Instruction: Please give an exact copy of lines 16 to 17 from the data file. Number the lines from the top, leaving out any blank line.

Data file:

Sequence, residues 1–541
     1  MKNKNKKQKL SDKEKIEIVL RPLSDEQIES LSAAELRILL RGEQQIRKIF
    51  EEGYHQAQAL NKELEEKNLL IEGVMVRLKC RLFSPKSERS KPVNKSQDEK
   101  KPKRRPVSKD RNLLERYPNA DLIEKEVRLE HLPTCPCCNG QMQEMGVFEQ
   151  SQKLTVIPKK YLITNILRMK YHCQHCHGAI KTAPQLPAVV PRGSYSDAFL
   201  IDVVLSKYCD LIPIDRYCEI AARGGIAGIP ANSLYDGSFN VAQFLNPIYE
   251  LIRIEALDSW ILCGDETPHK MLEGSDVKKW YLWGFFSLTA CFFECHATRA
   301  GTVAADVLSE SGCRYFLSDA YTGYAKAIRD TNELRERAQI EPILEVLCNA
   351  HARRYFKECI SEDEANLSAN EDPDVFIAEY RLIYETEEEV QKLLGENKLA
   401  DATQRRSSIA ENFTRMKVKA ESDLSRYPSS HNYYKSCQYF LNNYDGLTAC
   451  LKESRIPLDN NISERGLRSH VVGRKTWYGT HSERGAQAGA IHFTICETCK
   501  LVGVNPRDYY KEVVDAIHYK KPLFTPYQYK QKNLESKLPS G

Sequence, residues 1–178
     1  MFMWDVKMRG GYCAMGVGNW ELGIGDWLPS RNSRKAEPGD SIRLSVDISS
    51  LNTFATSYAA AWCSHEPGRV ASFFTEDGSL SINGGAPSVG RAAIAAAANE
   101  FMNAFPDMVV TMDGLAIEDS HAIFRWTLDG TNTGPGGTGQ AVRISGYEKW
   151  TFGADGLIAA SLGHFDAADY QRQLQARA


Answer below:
   101  FMNAFPDMVV TMDGLAIEDS HAIFRWTLDG TNTGPGGTGQ AVRISGYEKW
   151  TFGADGLIAA SLGHFDAADY QRQLQARA